PART 3: My personal growth, and how I took feedback in.
This article is part of my learning journal. If you are interested to read them all, jump to my main index page "What I have learnt about product management, agile, and personal development at a big bank".
Over the years I have learnt many things along my career path. Most importantly, I learnt to use my own judgement to absorb the feedback instead of taking all in, and make sure I take care of myself.
I was fortunate enough to have a few really good direct managers, coaches and mentors in different roles that helped me to grow. And I also learnt from them what kind of leader I want to become.
If I look back, one of the key feedback I have been given at different stages was about communication.
Coming from a background that English is my second language (you probably already figured out from my writing), I felt offensive at times depends on how this feedback is given. And I found that when the feedback was given to me with specific examples, rather than general "you can improve your communication skills" made a real difference to me.
I remember one of the best managers I had in my career life, was pretty direct and upset when I presented a work in progress deck to him. I figured I wanted to include him along the way and take on his suggestions in, and the deck was definitely not polished. I remember vividly that he said to me don't present a half baked cake. Because the feedback was given in time, with specific example, I wasn't upset or offended at that time or even after, because I had a good working dynamic with him and I know he meant well and he prefers me to work more independently and has higher expectation on me.
The other time, when another manager gave me a low rating for the year and commented I could work on communication skills really gave me a shock. I guess communication is 2 way conversation, and I never really figured out what exactly that comment entails. It took me a long time to ponder upon this and think about what I can do with it. When I took it the way that people are criticising my language skills, I had self-doubt, low confidence and questioning myself whether I was fit for the job. I was desperate to get out of there and felt very anxious often. I never regret I got myself out of that state by moving to a different role, but I learnt I should never let that negative energy takes in charge of me, regardless what that comment really means.
Most recent years, the feedback on communication moved along to influencing skills. And I have learnt 2 things on this: 1 is influencing stakeholders doesn't mean you have to please everyone. 2 is if the stakeholders take a different direction than you, it doesn't always mean you are lacking of influencing skills.
I was given a feedback on I wasn't fully aware of the situation, not able to understand what people really mean when they say something in front of me. and didn't take the chance to influence people. I think this has passed language barrier, but I still wonder whether it has something to do with the cultural difference, or maybe my naiveness of not understanding the "subtlety". Maybe I could follow up to confirm my understanding, but I don't quite understand why would people say one thing but means another. I also learnt while there is always room to improve, I am not fully responsible for other people, and I don't have to change myself to meet other people's expectation.
One of the most challenging and difficult feedback I got is I was overconfident. And I really didn't decipher what is that. Is it supposed to mean arrogant in a polite way, which I never felt I was. I spent a few hours with my manager to discuss this before I left my last job. I learnt the best way to take feedback in is not staying on the semantics of the word, but understand what specific example that drove people to comment this. To this day, I still disagree I was over-confident, because I don't want this comment to change the way I feel about myself and reduce my confidence, and over-think what I should do or say, Through reflection of some past situations, I learnt what it meant was building relationship with stakeholders and understand the history and dynamic of the environment is more important than showing your knowledge.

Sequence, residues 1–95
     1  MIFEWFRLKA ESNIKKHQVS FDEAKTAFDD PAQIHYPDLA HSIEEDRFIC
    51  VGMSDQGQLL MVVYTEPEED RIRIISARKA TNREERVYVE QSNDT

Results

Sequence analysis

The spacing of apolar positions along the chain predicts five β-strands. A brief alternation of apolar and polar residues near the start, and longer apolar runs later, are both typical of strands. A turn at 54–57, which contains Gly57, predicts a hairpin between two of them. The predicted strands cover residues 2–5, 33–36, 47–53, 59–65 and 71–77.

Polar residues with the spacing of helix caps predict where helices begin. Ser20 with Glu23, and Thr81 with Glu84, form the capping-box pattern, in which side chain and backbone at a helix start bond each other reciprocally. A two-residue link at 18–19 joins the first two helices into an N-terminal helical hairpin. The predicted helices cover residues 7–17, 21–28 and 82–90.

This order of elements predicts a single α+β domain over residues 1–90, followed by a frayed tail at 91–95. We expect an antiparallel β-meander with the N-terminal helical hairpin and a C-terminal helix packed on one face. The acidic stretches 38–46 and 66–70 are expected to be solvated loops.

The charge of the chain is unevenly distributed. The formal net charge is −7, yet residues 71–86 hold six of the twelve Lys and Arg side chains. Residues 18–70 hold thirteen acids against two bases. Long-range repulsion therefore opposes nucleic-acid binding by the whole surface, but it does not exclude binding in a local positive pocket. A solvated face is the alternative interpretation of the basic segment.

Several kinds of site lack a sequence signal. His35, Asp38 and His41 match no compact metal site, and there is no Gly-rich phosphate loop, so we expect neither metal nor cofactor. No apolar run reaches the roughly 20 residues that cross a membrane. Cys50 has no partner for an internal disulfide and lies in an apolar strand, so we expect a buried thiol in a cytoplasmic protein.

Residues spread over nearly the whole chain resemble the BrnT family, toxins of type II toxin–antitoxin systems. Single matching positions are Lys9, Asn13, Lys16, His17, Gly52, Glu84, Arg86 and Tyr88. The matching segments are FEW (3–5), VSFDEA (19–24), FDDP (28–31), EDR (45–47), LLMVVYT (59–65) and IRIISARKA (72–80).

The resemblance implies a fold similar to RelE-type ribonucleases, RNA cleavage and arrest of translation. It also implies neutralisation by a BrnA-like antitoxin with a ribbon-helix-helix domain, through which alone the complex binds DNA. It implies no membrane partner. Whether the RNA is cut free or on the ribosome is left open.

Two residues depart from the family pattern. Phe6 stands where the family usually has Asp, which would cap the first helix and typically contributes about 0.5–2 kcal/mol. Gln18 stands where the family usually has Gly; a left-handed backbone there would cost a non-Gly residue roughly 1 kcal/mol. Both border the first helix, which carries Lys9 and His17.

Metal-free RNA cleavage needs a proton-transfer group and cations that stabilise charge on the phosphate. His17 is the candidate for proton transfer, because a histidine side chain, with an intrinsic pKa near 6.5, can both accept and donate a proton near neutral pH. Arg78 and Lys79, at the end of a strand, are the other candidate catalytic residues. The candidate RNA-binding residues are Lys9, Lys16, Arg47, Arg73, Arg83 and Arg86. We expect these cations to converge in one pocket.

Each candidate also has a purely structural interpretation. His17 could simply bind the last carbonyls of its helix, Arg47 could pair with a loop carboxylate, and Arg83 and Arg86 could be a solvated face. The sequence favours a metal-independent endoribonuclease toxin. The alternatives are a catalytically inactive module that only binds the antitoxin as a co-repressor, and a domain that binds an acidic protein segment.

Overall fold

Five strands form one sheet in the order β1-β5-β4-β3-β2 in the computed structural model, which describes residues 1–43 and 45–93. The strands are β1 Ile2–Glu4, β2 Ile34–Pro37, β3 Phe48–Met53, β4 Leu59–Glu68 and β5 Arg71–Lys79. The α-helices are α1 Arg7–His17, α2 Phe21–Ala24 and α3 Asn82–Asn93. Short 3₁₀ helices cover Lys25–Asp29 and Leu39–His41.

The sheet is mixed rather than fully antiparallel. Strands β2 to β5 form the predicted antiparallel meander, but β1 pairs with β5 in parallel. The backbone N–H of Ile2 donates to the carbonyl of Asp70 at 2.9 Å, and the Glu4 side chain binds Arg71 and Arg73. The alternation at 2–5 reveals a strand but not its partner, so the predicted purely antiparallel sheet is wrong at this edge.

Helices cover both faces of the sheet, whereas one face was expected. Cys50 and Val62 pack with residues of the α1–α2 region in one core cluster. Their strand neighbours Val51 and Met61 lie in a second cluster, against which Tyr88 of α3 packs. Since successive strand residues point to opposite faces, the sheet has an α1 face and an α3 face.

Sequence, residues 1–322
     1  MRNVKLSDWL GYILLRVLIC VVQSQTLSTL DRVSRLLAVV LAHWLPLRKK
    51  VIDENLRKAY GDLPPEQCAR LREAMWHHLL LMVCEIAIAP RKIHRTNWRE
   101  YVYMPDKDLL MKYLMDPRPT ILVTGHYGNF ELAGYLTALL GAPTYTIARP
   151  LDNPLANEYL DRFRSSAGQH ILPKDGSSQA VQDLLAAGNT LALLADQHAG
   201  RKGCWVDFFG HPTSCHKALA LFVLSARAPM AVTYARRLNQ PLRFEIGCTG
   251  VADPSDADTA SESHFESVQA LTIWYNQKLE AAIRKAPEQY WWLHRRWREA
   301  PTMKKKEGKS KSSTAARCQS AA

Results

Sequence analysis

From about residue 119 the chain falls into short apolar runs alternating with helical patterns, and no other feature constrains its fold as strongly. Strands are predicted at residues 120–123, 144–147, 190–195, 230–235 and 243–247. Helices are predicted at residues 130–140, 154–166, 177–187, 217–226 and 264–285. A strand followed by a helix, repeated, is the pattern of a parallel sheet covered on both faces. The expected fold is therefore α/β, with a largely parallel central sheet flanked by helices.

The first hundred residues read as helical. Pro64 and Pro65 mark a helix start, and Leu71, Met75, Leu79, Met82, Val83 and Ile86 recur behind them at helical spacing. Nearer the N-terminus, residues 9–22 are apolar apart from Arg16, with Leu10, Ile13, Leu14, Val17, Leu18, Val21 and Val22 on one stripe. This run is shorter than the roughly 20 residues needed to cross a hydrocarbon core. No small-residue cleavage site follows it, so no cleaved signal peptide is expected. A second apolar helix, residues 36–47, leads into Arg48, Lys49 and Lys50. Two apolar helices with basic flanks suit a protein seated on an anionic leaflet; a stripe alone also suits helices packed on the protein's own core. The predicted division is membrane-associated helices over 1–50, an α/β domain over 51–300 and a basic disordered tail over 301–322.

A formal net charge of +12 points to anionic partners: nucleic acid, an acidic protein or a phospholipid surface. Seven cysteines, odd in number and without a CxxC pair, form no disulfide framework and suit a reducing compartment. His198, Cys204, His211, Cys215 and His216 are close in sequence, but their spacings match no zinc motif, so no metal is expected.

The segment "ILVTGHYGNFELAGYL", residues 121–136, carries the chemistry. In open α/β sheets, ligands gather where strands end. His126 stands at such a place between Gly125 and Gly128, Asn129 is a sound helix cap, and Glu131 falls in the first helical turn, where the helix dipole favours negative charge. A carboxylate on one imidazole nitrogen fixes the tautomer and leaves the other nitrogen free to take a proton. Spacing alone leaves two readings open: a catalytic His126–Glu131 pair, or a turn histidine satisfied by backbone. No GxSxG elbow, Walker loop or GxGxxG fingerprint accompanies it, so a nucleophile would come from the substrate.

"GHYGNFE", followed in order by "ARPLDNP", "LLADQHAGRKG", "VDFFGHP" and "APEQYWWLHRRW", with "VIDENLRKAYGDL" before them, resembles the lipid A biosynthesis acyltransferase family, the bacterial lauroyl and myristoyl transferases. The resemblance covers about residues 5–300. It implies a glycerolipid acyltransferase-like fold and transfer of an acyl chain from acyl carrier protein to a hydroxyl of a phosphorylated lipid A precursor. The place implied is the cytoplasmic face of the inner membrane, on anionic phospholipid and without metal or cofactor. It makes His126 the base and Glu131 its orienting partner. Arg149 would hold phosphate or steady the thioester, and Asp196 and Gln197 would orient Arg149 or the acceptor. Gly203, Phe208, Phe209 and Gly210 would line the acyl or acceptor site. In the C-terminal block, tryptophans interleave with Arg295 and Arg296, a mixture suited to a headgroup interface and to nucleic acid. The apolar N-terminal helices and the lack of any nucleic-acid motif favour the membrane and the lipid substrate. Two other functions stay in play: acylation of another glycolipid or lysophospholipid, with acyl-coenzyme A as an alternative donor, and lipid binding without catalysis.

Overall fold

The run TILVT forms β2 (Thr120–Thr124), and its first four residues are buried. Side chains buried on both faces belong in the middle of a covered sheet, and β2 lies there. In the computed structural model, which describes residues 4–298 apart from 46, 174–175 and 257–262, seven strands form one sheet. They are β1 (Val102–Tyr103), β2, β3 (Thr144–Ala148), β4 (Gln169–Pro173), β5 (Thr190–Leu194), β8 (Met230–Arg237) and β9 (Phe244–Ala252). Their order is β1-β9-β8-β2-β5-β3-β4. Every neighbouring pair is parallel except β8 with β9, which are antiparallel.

I remember I failed massively on one of the projects I was working on. I was confident I would excel in that project because I had a good working history with the product manager a few years back when I was the product owner for online forms, and years apart, we got together to deliver another form. I was eager to realise the form strategy, and great customer experience I had envisioned years ago. I was good at facilitating workshop with architect, designer and developers. I certainly know what I was doing, and know I was capable of doing it, but I kept on hitting the brick wall, and been pushed back of almost all the suggestions I proposed. We couldn't patch our relationship and we cancelled our regular work meeting. At the end, I talked to the project sponsor and asked to pull myself out of it because I cannot see myself adding value to it. I learnt from that whole experience, the worst few months of my career, and I wish I had firstly re-connected with the product manager and understood her constraints and concerns (the project was running over-budget and over-time significantly) so we can work on the same short term goal first before we head to our long term goal.
Before I really learnt how to digest that experience, I moved on to another role. But that experience did change me on how I approach things, for both better and worse. Things were relatively smoother, but I was also less confident because I didn't want to upset anyone. I knew what things I would do if I was at a different position in that team. I would suggest something, but it was taken in after a few times of saying it, from different people all together. I occasionally felt I was betraying my design folks and not standing up enough for them. And that's the time I took the other feedback on influencing people. Be considerate, but you don't need to please everyone. Sometimes it’s ok to upset people, as long as you are authentic, rather than using anger as a tool to get people submit to you. Its better than people half listening to what you have to say when you are always nice. And one of the most empowering feedback I got is to back yourself up, you know what you are doing. It doesn't mean you put yourself as authoritative figure and overwrite other people's decision. Instead, ask people difficult questions, and what are they going to do about it. And don't be afraid to make senior leaders accountable for actions too.